Interdisciplinary Applied Mathematics

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much less compared to general purpose simulators like SABER29 (Mantooth and Vlach, 1992) or MATLAB that rely on user-provided HDL models.

Nodal Analysis

Nodal analysis has been widely used for formulating system equations in circuit analysis tools such as SPICE. The circuit is decomposed into N -terminal devices, and each device is modeled by ordinary differential equations (ODEs) with coefficients parameterized by device geometry and material properties (Zhou et al., 1998). The devices are linked together at their terminals or nodes, and the resulting coupled differential equations can be solved as a system of nonlinear ODEs. This approach is fast, reasonably accurate, flexible, and can be used for a higher-level simulation of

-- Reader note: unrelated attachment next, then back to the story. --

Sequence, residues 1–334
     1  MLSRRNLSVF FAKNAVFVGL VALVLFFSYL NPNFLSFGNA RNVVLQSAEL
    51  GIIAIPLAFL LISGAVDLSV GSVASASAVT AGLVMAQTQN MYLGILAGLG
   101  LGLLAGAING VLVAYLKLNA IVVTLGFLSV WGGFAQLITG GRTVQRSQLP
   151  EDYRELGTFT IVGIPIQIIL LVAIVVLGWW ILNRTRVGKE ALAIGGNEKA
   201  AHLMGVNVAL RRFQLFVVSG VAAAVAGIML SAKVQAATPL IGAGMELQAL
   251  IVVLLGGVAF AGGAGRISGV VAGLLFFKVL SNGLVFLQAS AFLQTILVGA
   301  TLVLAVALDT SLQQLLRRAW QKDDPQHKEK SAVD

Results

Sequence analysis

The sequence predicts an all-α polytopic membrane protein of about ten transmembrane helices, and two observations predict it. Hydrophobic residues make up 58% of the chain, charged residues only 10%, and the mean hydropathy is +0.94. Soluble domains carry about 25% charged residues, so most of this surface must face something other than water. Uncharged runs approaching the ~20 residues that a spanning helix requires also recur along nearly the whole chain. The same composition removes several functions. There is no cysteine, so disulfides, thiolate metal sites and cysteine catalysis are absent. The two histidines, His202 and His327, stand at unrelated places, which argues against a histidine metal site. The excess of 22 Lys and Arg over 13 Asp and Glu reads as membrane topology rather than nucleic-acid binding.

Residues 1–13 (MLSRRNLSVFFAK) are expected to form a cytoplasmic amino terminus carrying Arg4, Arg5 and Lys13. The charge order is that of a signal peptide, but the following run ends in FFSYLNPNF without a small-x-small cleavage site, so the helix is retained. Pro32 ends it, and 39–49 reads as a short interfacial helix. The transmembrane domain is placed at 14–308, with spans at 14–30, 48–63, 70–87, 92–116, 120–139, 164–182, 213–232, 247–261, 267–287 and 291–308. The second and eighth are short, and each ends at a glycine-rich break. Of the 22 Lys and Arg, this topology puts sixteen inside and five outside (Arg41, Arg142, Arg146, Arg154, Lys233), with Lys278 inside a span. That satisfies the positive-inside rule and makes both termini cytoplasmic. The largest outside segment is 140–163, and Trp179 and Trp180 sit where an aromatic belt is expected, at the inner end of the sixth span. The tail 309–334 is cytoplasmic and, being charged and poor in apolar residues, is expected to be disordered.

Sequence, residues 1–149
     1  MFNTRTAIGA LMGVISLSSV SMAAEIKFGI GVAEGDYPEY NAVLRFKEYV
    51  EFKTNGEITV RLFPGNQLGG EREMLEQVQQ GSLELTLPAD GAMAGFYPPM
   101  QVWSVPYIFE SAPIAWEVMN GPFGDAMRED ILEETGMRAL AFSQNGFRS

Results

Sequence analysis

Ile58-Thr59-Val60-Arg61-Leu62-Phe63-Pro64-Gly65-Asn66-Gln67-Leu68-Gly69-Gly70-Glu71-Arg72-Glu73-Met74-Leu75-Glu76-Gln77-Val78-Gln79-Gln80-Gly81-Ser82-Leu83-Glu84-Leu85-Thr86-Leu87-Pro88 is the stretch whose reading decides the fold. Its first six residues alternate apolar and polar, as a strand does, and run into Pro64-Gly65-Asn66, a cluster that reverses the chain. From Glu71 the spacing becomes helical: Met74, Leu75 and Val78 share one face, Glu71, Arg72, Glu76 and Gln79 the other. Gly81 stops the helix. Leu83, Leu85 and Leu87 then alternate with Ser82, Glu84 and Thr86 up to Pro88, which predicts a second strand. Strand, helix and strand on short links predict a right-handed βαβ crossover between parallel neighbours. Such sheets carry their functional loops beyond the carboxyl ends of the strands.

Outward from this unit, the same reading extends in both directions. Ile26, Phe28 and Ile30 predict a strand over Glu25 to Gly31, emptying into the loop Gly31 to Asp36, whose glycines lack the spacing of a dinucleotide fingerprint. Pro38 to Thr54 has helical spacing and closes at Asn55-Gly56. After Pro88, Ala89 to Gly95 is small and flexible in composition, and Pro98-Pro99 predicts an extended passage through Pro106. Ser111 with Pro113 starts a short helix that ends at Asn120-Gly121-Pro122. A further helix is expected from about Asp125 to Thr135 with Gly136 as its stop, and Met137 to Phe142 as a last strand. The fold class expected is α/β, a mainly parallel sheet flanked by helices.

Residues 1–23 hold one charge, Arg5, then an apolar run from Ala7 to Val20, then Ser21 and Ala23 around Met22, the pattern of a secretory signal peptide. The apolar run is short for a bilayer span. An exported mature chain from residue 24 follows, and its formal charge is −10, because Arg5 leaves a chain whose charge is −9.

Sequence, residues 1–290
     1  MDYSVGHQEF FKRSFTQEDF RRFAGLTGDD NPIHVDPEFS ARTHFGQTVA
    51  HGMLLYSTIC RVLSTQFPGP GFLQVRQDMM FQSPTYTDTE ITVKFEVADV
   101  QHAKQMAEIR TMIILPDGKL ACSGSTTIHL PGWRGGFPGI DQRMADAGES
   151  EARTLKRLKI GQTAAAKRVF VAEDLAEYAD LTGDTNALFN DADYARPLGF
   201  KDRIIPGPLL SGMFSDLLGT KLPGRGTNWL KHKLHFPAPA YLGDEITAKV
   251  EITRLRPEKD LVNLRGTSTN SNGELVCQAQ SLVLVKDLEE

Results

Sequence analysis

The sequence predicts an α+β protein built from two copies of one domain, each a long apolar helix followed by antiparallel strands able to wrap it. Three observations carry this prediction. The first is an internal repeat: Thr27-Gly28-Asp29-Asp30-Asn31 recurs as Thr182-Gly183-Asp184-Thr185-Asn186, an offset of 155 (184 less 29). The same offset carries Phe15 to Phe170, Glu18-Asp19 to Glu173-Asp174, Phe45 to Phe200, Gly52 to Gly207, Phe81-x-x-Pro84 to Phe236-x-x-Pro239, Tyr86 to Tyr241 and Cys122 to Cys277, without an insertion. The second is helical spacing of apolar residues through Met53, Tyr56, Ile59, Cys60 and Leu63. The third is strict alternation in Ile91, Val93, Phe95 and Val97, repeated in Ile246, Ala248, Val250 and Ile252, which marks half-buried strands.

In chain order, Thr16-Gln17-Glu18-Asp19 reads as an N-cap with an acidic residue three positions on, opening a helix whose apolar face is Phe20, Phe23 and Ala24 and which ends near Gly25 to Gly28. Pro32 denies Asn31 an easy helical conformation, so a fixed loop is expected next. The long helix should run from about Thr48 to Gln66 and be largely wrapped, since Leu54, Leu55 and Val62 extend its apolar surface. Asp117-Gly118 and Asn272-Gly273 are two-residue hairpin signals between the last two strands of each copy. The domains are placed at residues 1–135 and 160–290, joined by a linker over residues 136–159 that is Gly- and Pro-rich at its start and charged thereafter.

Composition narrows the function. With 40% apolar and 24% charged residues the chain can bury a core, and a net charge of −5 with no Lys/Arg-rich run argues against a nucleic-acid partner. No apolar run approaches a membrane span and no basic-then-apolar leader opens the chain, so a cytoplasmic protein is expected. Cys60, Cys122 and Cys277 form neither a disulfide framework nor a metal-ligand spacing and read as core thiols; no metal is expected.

FIGURE 17.9. (a) A cantilever-beam-based microdevice. (b) Nodal representation of the microdevice.


In nodal analysis, the microdevice is represented using atomic elements like anchors, gaps, and beams (Zhou et al., 1998). Figure 17.9 shows a microdevice and its nodal representation. The nodal representation contains three anchor elements, one beam element, and an electrostatic gap element. Each atomic element has a lumped behavioral model with geometric parameters that can be specified individually. This simplifies the evaluation of changes in size on the device performance in each design iteration. The system matrices formed are much smaller than those in finite element analysis, and the models are implemented in analog HDLs supporting mixed physical domain simulations. The total system is formulated by formulating each individual element first. For the beam element defined between nodes 1 and 2, we have

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